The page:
A scanning electron microscopic study of liver microcirculation disarrangement in experimental rat cirrhosis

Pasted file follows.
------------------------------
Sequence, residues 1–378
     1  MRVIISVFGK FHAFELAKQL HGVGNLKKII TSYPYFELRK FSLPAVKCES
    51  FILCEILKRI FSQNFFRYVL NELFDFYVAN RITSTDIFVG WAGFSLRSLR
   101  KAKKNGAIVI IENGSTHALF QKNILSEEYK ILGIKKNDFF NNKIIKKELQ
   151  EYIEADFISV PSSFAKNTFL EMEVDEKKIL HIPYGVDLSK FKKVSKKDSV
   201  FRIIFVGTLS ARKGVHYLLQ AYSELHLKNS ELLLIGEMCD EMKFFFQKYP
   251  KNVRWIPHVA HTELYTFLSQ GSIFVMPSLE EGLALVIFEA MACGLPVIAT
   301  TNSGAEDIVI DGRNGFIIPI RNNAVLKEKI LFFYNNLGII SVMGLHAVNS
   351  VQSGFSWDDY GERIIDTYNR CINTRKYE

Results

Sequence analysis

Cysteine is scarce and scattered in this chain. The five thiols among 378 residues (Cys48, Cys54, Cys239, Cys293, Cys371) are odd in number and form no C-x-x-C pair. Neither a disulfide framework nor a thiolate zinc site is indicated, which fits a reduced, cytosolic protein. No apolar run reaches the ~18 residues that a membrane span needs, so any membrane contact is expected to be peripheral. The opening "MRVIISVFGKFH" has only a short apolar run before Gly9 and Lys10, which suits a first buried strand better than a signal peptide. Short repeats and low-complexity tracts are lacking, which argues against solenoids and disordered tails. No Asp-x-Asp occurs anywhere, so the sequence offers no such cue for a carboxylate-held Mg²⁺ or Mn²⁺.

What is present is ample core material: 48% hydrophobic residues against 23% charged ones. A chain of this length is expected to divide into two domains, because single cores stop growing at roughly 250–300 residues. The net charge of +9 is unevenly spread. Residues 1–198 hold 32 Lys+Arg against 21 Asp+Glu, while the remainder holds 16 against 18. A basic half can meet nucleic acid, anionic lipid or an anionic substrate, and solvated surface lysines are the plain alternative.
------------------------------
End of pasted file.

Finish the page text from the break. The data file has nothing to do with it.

Hepatic microcirculation has been related to liver function in several studies. The principle of this relationship lies in the sequential distribution of blood from the feeding vessels of the hepatic acinus to the central vein. This study was undertaken to investigate the progressive changes at different sites of the liver microvascular bed in the developing cirrhosis, both by light microscopy and scanning electron microscopy of corrosion casts. Experimental cirrhosis was induced with intragastric carbon tetrachloride. The most important vascular changes progressively observed are the reduction of the distance between the pre- and postsinusoidal vessels, the presence of newly formed shunting vessels bypassing the sinusoids and, finally, the development of a perinodular vascular plexus composed of pre- and postsinusoidal vessels. Newly formed vessels grow through preformed tissue septa. These vascular modifications make any zonal gradient hardly possible. The loss of the zonal gradient of perfusion could highly modify liver function, along with the structural changes of hepatic laminae. Hepatocyte regeneration cannot recover the original vascular relationships: this makes the morphological and functional destructuralization of cirrhotic liver irreversible. (HEPATOLOGY 1993;17:477–485.)